Apply the construction process on the newly formed corner subtriangles through a second, third, and fourth stage. Remember, at every stage, each remaining triangle is transformed into three new subtriangles with sides half as long. Three times as many triangles appear at each successive stage.
Count dots carefully. Every vertex of every subtriangle at each of the four stages is on a dot on the grid paper. The resulting figure should contain 81 small triangles, representing the fourth stage in the construction of the Sierpinski triangle. Shade in these triangles.
1. Imagine repeating the process. Visualize and describe how the figure changes. If the process continues on without end, a Sierpinski triangle emerges.
2. What would remain of the original large triangle after four iterations if the algorithm were changed to keeping only the inner triangle?
When repeated over and over, this construct variation generates another fractal.
Construction : Connect trisection points on the sides as shown, keeping only the six border subtriangles.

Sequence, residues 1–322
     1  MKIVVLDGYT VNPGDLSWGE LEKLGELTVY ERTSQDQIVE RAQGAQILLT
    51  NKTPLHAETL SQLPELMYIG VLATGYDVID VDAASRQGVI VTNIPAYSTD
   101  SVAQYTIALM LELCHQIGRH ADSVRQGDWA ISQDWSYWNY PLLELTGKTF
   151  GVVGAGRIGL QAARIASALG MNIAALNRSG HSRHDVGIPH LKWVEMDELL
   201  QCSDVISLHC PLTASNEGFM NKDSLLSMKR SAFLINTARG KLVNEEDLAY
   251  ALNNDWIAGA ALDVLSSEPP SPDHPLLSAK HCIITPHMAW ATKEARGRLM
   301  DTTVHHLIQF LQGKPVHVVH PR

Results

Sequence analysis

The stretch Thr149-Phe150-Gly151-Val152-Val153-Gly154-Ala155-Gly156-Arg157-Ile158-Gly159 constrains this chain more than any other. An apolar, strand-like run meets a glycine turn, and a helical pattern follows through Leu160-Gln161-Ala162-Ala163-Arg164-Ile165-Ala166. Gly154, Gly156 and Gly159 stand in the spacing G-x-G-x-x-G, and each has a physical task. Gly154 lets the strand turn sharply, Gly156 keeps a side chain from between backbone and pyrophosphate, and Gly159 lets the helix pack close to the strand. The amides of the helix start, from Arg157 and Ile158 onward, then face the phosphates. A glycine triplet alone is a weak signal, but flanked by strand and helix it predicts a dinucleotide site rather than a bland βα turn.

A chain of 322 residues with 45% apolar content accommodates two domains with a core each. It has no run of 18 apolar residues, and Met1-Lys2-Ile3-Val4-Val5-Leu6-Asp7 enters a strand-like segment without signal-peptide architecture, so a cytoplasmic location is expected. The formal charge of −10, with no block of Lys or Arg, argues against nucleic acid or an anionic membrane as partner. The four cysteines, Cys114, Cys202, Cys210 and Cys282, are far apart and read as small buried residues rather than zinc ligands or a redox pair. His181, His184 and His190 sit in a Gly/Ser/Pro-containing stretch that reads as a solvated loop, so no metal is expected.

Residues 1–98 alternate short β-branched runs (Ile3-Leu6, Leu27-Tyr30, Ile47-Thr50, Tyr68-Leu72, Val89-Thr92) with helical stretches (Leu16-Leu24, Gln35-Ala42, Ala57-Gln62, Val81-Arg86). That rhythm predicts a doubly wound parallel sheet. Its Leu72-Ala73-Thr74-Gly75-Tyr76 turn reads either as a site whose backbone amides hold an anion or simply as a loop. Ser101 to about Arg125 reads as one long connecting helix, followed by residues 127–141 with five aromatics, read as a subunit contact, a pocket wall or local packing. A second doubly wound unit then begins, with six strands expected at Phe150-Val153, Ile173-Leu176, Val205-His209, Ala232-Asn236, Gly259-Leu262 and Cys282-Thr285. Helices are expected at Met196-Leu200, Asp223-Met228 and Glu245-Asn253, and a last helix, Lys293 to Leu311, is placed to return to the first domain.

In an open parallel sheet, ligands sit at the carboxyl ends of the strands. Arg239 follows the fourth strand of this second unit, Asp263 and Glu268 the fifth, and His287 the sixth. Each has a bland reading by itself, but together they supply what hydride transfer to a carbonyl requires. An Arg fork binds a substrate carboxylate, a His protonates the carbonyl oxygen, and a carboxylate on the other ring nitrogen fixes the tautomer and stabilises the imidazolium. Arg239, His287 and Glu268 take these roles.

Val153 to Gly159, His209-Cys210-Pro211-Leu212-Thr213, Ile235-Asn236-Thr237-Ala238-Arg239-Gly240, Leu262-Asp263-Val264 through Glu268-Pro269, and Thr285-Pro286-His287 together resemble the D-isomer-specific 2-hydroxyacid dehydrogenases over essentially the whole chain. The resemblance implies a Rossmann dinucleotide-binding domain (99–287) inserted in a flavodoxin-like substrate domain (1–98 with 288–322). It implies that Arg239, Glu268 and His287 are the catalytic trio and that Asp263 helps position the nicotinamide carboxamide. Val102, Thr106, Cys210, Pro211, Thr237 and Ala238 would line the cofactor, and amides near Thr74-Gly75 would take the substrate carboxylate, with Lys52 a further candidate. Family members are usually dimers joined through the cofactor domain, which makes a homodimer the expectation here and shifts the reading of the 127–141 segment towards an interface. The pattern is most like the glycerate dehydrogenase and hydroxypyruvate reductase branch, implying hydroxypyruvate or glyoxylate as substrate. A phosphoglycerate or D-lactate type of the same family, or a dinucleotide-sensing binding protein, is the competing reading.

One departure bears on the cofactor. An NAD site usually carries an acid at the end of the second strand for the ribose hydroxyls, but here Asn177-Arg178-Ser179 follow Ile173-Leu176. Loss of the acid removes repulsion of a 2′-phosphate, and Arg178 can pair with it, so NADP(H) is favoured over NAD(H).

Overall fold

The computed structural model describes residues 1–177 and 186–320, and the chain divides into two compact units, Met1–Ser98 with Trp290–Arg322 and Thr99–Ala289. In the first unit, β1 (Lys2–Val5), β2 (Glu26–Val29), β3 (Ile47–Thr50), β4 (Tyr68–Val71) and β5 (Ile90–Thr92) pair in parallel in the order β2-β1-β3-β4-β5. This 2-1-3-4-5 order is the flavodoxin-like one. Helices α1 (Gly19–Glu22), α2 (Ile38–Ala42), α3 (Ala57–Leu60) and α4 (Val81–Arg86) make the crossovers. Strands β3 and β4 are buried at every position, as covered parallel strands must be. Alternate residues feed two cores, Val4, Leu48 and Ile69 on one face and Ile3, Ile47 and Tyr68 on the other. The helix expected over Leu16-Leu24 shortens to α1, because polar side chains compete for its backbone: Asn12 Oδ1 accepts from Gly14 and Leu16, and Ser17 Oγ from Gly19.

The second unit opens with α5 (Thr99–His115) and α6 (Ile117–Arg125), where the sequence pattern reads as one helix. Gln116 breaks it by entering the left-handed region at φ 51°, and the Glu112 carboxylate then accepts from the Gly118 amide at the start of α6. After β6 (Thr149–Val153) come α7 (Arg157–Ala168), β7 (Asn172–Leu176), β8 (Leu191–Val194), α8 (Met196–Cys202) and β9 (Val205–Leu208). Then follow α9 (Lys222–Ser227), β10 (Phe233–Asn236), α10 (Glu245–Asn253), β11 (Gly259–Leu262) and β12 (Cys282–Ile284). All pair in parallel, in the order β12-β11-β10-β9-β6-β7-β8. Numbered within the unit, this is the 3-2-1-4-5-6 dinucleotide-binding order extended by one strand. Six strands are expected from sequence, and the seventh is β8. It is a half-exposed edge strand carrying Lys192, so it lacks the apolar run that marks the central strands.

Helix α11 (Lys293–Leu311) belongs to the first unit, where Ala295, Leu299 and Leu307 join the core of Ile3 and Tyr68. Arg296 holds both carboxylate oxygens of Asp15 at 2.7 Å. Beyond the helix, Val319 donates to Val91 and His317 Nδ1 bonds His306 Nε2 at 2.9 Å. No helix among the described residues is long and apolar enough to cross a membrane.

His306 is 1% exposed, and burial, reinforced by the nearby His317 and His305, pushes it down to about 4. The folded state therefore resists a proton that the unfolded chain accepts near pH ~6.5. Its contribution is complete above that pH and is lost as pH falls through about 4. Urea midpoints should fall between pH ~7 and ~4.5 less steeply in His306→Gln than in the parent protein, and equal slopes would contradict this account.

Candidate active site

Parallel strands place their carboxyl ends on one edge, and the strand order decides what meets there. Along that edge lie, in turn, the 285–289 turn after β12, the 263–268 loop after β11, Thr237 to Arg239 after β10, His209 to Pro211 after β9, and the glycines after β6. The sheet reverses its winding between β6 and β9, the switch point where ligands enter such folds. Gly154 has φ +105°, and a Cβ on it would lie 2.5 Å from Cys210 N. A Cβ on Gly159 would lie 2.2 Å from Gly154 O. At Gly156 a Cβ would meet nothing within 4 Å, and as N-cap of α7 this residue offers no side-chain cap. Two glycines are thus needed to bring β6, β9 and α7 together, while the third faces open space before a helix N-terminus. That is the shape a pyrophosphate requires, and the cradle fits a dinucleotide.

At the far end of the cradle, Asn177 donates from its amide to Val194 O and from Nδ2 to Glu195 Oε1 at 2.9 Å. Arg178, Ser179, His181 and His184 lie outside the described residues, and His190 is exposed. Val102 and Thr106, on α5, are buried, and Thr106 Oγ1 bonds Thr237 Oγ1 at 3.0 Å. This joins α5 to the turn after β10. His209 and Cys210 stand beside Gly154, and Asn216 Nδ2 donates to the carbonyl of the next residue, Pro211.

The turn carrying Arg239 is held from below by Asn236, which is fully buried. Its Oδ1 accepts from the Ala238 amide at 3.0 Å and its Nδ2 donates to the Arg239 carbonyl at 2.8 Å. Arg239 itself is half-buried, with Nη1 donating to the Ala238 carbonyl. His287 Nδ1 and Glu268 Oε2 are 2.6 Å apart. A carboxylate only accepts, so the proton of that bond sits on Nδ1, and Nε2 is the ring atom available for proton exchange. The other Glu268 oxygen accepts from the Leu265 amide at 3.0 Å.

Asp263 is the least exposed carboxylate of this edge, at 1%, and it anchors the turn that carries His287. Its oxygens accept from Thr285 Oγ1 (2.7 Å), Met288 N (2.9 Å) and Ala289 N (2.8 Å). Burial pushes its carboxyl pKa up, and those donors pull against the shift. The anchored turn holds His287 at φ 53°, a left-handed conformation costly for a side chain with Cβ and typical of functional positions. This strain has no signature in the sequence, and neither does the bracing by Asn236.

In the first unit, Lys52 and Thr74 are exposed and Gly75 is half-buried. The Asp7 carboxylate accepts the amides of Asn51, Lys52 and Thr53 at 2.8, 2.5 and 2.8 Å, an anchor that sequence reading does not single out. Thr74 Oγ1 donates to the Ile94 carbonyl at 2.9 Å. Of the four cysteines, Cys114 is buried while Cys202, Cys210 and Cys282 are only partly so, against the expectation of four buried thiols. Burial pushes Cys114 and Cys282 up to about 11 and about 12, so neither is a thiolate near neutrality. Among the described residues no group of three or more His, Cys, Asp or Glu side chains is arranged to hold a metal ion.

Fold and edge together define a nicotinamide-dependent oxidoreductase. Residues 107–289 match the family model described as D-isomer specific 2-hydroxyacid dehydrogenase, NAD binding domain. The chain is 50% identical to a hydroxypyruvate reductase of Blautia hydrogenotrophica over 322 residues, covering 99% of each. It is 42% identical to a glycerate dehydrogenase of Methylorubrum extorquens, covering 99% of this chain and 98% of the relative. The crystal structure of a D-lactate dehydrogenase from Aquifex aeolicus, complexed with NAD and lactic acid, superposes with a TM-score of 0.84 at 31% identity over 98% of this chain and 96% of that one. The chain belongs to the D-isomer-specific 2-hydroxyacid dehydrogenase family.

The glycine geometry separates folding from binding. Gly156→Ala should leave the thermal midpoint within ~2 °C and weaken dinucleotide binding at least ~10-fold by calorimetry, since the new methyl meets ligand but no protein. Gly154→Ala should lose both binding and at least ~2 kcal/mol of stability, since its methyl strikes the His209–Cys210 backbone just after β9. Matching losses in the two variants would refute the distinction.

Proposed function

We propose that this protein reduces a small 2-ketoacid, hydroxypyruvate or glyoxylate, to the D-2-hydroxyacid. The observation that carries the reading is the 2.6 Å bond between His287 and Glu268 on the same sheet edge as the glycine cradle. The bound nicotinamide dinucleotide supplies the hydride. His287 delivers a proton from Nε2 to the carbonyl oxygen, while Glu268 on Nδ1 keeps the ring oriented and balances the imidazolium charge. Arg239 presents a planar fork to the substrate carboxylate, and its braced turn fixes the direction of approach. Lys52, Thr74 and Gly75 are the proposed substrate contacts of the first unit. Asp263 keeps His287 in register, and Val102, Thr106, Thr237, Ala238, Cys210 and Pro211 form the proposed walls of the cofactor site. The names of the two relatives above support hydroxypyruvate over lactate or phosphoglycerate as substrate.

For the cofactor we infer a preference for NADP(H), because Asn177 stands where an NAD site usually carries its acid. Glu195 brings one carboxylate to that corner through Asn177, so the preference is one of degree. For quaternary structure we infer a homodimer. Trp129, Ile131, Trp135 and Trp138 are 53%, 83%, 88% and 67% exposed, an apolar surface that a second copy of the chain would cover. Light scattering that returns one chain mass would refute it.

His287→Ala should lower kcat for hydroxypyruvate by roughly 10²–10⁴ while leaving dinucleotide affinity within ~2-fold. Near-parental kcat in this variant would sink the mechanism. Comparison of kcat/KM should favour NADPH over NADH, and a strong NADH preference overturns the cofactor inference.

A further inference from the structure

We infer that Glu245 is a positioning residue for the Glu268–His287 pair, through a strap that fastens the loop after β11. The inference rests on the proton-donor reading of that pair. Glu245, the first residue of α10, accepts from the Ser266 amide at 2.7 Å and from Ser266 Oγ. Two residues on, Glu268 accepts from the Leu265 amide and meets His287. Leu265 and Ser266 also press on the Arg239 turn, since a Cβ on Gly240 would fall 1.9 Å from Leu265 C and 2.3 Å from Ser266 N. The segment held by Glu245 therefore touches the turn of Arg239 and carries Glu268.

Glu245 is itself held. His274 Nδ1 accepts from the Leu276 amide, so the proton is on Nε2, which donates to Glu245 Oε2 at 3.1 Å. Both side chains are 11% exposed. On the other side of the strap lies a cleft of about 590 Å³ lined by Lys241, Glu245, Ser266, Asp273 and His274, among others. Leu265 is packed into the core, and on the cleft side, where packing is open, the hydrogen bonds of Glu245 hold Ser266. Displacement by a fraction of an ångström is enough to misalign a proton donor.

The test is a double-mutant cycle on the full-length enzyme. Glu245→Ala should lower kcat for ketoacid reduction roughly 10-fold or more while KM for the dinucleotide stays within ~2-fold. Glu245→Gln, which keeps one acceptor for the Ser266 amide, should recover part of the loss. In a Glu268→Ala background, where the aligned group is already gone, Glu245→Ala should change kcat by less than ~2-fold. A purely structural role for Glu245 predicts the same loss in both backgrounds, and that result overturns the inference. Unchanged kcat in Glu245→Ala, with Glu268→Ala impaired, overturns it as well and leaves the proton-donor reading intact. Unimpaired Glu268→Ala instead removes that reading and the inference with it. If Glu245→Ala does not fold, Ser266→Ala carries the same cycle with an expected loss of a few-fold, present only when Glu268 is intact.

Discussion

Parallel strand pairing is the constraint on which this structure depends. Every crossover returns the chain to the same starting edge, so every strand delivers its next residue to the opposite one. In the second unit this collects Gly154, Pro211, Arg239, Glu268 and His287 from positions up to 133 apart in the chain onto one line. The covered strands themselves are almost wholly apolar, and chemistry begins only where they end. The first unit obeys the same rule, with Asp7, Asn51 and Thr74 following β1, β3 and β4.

In this variation, the sides of the triangle are divided into thirds. Repeat the process through a second iteration using exactly the same procedure in each of the six border subtriangles shown in this first stage. Count dots carefully. Each vertex of each of the 36 congruent subtriangles that emerge at the second stage are on dots of the grid paper. Shade in these triangles.
1. Imagine repeating the process over and over. At each stage, each triangle is transformed into six new subtriangles with sides one-third as long. Describe what you would see of the original triangle if the process were continued on without end.
2. Change the algorithm from keeping the six border subtriangles to keeping the three inner ones. What kind of figure would emerge after two iterations?